Beyond the Whales: The Photographs and Passions of Alexandra Morton
Through a selection of her stunning photographs, Alexandra Morton portrays life on the central British Columbia coast.
She arrived in the area in 1984 as a whale researcher, and at first, she was absorbed in studying the orca and admiring the magnificent scenery. It is a coast with a long history: dolphins have pulsed in and out for 10,000 years; First Nations people have lived here for almost as long; European settlers arrived a scant century ago. As time passed, Morton began to observe the lives of other creatures that share the sea and land—humpback whales, bears, salmon, eagles, deer, and humans—and understand how they are all interconnected. As one example, “Bears drag salmon beneath the trees of the forest, feeding the giant plants that shade the river nursery, protect its banks and allow it to make more fish.”
In Beyond the Whales, Alexandra explains what is going on beyond the beauty of the images: “One of the joys of watching a place for 20 years is being able to read the signs upon the sea—bubbles on the surface mean tons of herring below; three birds over an orca mean the whale has brought fish to the surface; shearwaters in Blackfish Sound mean autumn is here. The ocean feeds the rivers and the rivers feed the ocean.”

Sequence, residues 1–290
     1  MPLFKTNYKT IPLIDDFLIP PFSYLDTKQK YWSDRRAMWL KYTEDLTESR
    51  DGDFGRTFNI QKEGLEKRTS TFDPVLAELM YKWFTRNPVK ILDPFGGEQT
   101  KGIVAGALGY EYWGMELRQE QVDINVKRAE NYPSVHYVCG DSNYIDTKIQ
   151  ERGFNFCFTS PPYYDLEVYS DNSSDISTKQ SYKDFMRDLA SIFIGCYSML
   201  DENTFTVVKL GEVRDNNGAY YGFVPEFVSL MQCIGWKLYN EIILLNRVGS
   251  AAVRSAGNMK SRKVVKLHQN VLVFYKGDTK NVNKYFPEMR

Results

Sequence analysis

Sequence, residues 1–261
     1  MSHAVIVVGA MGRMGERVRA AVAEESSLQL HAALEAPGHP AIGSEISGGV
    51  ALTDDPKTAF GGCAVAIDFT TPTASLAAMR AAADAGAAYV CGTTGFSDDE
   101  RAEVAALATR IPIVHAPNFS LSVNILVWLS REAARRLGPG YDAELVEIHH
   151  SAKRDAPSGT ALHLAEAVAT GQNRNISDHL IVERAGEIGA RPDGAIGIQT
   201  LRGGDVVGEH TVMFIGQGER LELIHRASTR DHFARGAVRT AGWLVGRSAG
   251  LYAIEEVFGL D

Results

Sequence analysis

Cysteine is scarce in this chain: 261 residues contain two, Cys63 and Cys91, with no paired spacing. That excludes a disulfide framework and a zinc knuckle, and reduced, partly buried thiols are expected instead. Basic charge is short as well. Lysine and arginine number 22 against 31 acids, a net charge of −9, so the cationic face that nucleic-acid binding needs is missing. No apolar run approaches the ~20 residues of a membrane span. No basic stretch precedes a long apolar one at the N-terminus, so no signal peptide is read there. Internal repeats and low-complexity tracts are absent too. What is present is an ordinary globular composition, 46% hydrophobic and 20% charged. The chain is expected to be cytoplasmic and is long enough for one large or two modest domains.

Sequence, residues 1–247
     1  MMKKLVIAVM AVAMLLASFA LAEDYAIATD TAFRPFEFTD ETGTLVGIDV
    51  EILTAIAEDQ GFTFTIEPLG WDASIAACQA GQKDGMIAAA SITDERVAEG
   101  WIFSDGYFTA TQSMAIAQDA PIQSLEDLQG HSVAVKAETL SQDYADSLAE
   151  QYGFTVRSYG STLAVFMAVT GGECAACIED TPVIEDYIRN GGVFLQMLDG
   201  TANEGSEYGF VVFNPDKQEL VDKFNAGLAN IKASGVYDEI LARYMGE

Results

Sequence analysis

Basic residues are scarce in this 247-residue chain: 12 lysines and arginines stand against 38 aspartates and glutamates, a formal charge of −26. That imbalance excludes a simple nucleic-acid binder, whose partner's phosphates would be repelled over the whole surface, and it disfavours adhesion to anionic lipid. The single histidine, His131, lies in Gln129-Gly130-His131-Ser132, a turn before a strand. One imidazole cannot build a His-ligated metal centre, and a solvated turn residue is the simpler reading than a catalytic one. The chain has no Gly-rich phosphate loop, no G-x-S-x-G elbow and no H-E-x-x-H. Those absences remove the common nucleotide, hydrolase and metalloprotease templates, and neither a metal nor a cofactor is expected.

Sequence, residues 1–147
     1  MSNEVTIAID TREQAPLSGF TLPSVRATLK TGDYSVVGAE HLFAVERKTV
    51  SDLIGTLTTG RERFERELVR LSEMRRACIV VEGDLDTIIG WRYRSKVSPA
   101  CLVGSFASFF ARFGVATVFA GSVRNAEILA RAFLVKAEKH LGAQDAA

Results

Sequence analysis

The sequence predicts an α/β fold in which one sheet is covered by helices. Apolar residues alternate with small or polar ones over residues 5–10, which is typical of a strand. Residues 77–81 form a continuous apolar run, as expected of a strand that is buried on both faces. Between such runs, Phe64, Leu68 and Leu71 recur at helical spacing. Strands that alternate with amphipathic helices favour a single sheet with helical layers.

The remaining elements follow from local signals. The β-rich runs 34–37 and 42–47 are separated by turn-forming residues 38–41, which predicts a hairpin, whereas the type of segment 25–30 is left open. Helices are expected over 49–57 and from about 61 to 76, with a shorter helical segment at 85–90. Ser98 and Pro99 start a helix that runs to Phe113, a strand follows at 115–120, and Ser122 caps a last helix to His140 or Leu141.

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ALEXANDRA MORTON is a field biologist who became an activist who has done groundbreaking research on the damaging impact of ocean-based salmon farming on the coast of British Columbia. She first studied communications in bottlenosed dolphins and then moved on to recording and analyzing the sounds of captive orcas at Marineland of the Pacific in California, where she witnessed the birth, and death, of the first orca conceived in captivity. In 1984, she moved to the remote BC coast, aiming to study the language and culture of wild orca clans, but soon found herself at the heart of a long fight to protect the wild salmon that are the province’s keystone species. She has co-authored more than twenty scientific papers on the impact of salmon farming on migratory salmon, founded the Salmon Coast Research Station, has been featured on 60 Minutes, and has been key to many legal and protest actions against the industry, including the recent First Nations-led occupation of salmon farms on the Broughton.
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